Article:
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Windrush Bacchanal: Leeds West Indian Carnival Troupe Celebrate the 70th Anniversary of the Arrival of Empire Windrush

As we celebrate the 70th anniversary of the arrival of the Empire Windrush bringing Caribbean migrants to Britain, Dr Emily Zobel Marshall reflects on the history of Caribbean culture in Britain and how it has enriched our lives both here in Leeds and throughout the country.

Windrush Bacchanal

The Empire Windrush

Seventy years ago, the Empire Windrush docked at the port of Tilbury with 802 Caribbean migrants on board. The arrival of the boat signaled the first major influx of Caribbean migrants to Britain. Since the arrival of the Empire Windrush, Caribbean culture has both enriched and become woven into the very fabric of British social and cultural life.

Caribbean migrants brought their carnival traditions to Britain and Caribbean carnivals flourished in many British cities and played a key role in the formation of black British identity. Just as the Trinidadian carnival was a vehicle for protest against colonial oppression, carnivals in Britain were – and continue to be – mediums through which British racism is challenged and opposed.

The Caribbean Carnival

Founding member of Leeds West Indian carnival Arthur France explains that the Caribbean carnival was established in Britain as a means of ‘taking the heat out of the racial strife of the day’ (quoted in Connor & Farrar, 2004 268). As Leeds-based scholar Max Farrar and the late Geraldine Connor, director of Carnival Messiah (1999), argue:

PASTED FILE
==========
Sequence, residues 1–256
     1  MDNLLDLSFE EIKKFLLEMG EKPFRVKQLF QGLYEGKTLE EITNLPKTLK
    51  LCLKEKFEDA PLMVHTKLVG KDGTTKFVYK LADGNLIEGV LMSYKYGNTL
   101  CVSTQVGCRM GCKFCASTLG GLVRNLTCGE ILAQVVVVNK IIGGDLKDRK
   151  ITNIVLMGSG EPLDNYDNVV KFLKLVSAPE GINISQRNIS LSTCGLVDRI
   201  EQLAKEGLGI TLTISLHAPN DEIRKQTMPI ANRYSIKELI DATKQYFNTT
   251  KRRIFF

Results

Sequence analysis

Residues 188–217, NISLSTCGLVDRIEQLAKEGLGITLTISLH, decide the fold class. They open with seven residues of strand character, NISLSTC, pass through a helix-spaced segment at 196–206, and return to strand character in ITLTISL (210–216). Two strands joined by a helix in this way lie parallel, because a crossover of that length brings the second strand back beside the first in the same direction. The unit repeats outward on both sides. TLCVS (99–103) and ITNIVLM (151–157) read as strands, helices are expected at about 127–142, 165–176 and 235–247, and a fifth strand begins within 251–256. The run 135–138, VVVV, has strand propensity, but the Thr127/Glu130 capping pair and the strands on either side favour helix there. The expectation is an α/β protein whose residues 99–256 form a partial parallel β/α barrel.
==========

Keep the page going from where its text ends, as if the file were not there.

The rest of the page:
Carnival in the UK understands that the anti-human negativity of racism is effectively challenged by the embodied, human performance of art - an art which has been created ‘by the people and for the people’ which occupies and transforms public space.[i]

Leeds West Indian attracts around 150,000 people every year. Established in 1967, it is able to lay claim to being the first Caribbean street carnival in Europe run by Caribbean people. The London-based Notting Hill carnival, initially founded in 1959 by Claudia Jones, was an indoor event until 1966 and only run by British Caribbeans from 1970 onwards.

Leeds West Indian Carnival has enjoyed a very good relationship with Leeds City Council and other civic institutions, but has remained firmly in the control of the Carnival committee, a dedicated group of local people, predominantly ‘elders’ of Caribbean origin, who have shaped the carnival since its beginnings.

Carnival Committee, 1974; Vince Wilkinson, Hughbon Condor, Hebrew Rawlins, Arthur France, Kathleen Brown, George Archibold, photograph by Max Farrar

Mas camps